Last night was our last gaming session with Dave and Liz before they go off and do something the majority of us dream doing, but so so few do. Plus they are young enough to do it. And that is go travelling for a year (or just over) in exotic parts of the world.
For this final game session we played Cry Havoc. This is the third in the territory control, action selection style game that we have played. Liz does like this type of game. Would she like Cry Havoc?
It had been nearly a year since I had played the game, plus I hadn’t had time to refresh my memory to the rules (ie watch the Watched It Played! video). This was also a first for me, because this was the first time I had played the game at the full compliment of 4 players.
One thing I did do for this game after my first play was to print out the blog posts off the Portal website that gave tactics advice for each of the 4 factions.
It was interesting with the Troggs in play. Because you still start off with the tokens spread around the board. So when the other factions start to expand out to grab crystals and territory, all of a sudden the Troggs go from having 3 units out to having lots when the tiles are revealed. I thought the ability of the troggs to build traps was also pretty powerful, especially in removing attacking factions before a battle took place. Justin played the Troggs, and he had built up a pretty well defended territory that had 9 points of crystals on it. I think if I hadn’t been doing battle with him on another territory for 5 crystals then he might have been able to fend off the attack from Liz. Mind you if he had defeated me and Liz in that final round victory would have been his.
With the right tactic cards in hand it’s possible to turn what looks like a losing position into victory (as long as you don’t misplay it that is). There is a nice card that reverses the resolution set. So killing units is first, then taking prisoners and finally the majority for control. As long as the other player doesn’t cotton on, you can work it so that you only need one on the majority for control, and kill off or take prisoner the difference.
I made a little mistake in the penultimate round in my battle with Justin for that 5 point crystal when I misunderstood the prisoner phase of the battle, it was take one unit prisoner, not take one for each unit I had on the prisoner phase. Which meant I gave the victory to Justin and had to retreat. In the end it worked out in my favour I think, because I returned just as strong in the final round to take the region. But still I felt a little salty on that. Which I think Justin did once or twice on the final round. Liz commented that this was the most competitive she had seen us both. Things were getting real!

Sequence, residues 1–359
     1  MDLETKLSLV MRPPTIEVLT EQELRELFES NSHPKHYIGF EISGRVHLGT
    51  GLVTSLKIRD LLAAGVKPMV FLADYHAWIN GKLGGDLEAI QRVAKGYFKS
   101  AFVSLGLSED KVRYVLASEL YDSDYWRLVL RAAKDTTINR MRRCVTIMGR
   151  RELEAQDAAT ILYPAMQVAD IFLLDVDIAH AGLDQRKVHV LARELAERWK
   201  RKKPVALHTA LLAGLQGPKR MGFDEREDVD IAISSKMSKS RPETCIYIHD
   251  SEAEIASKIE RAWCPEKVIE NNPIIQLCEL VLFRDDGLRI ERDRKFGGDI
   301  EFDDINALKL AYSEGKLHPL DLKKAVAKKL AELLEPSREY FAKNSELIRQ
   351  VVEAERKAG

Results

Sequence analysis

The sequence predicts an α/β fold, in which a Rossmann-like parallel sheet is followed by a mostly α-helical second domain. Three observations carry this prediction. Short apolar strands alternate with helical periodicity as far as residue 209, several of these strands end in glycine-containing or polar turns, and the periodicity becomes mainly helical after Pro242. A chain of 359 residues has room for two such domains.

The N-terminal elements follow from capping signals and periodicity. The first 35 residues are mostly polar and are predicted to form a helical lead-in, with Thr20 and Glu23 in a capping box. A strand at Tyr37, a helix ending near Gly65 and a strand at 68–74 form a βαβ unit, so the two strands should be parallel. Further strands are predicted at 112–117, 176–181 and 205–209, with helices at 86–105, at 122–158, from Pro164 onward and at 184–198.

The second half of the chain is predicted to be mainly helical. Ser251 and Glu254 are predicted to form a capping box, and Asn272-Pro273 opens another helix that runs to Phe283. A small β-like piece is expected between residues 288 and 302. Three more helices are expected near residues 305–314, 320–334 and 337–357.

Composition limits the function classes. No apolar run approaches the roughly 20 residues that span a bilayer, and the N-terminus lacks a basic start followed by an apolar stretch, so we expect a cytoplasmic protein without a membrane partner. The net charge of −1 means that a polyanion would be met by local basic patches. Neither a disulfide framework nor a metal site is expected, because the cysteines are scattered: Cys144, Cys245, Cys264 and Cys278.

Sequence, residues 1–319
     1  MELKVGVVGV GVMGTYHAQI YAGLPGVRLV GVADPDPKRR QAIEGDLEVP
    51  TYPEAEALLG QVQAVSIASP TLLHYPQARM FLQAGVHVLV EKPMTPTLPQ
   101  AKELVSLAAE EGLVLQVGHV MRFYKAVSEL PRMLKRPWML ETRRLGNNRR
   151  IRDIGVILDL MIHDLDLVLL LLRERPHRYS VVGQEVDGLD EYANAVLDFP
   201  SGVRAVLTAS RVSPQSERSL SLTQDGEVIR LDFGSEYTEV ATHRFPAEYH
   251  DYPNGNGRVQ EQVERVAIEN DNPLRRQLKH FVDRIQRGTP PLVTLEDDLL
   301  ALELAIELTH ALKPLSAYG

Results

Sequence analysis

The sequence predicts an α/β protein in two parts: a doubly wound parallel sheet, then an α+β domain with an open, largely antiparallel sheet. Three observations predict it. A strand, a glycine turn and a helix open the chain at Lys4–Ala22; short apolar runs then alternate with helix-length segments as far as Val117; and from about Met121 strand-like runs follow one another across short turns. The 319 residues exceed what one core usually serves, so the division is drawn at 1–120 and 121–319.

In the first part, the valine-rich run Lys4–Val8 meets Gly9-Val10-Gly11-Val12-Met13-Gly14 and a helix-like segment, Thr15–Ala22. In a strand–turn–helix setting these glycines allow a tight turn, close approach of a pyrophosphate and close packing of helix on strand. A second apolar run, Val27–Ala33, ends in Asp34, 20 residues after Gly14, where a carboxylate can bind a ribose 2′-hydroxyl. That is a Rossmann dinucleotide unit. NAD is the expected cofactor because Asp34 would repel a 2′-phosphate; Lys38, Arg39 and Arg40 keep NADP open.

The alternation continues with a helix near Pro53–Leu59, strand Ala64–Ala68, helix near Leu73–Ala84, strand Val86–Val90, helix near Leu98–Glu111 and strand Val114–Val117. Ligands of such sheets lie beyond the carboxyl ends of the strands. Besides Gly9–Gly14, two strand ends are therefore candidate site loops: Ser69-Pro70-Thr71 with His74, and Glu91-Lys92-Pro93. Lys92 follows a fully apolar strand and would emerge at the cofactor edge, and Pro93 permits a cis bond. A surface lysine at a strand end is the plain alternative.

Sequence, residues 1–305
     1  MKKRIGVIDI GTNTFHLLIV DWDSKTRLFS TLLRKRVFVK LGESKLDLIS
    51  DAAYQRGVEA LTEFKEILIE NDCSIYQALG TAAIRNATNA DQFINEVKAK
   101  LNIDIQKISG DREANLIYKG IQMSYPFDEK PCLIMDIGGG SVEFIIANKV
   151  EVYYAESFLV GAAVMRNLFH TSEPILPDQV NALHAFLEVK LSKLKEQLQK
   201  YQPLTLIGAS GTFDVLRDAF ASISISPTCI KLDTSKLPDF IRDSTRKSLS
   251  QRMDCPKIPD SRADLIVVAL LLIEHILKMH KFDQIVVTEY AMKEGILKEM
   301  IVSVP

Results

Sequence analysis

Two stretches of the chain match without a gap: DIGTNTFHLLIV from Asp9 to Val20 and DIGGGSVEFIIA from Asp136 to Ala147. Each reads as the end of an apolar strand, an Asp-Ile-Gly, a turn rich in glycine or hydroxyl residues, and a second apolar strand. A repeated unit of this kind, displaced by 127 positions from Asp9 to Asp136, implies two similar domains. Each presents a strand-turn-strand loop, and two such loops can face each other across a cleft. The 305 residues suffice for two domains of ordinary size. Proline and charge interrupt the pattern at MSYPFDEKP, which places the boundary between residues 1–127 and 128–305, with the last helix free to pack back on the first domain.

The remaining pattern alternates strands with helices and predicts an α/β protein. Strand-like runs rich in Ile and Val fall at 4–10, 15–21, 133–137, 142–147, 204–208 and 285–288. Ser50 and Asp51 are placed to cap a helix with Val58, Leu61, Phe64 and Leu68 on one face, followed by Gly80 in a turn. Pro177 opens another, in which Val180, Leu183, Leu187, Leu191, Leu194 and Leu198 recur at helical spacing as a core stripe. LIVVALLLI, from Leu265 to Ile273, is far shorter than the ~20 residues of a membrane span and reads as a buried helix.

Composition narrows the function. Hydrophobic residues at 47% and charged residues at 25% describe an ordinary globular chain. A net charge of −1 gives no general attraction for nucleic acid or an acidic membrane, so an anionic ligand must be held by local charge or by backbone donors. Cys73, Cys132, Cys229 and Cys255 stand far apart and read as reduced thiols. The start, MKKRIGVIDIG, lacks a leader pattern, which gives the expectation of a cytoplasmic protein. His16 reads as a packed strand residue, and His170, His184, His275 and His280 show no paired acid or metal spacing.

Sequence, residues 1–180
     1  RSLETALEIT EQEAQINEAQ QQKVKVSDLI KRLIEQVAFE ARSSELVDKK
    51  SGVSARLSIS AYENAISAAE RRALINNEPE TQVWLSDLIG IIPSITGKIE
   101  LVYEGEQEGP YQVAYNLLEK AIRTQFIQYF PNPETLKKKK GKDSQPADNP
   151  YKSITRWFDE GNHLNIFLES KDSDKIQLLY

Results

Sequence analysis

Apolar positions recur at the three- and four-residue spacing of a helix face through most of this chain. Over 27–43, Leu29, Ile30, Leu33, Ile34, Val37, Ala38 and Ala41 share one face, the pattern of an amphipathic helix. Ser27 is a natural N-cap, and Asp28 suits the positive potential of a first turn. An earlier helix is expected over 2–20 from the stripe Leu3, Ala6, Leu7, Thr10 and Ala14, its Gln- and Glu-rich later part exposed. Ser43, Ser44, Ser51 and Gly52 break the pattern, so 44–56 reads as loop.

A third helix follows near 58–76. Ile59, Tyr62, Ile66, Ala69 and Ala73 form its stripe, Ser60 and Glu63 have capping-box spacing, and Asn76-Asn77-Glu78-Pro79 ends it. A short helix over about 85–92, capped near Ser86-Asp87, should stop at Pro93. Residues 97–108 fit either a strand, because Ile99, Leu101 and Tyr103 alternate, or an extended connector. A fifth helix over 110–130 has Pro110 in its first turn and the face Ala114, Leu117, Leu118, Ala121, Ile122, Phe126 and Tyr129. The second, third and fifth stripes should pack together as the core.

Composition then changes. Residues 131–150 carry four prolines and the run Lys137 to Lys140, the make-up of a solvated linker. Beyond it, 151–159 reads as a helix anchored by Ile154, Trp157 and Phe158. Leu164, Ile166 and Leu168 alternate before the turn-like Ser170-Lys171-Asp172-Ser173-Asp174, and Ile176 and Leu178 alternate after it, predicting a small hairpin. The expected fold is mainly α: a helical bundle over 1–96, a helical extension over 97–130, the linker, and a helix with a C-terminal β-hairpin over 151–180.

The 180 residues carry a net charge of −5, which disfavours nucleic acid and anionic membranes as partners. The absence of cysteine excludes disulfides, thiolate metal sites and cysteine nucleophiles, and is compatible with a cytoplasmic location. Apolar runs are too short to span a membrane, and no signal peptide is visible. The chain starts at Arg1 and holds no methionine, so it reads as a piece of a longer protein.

The final shake up of the game after final scoring saw myself taking the victory, while Liz rushed in and took second. Justin having had 15 points taken from him in that final round, came in third. Up until that point he had been threatening to win the game. Then in last place with a respectable score of 33 (iirc) was Dave.
Cry Havoc is yet another one of those games that really deserves to see more time at the table. Yeah nearly a year later I still enjoy this game. When I let Inis go I made the right decision. Don’t get me wrong I liked Inis. It’s just, and I think I said this at the time, I had 3 other similar games that I would play before Inis. Scythe, Kemet and Cry Havoc are better games in my opinion, and given the choice I’d play them over Inis every time. I’m looking forward to the new expansion for Cry Havoc, have I played the base game enough to warrant getting the expansion? No. Will that stop me getting the expansion? No.
It was a great evening of gaming. Everyone loved Cry Havoc. For Dave and Liz they will be off on their travels in the next few days, so I wish them a safe journey, and hope they have lots of fun experiences. Justin and I, well we will be revisiting Cry Havoc along with Kemet and Scythe I’m sure in the pretty near future.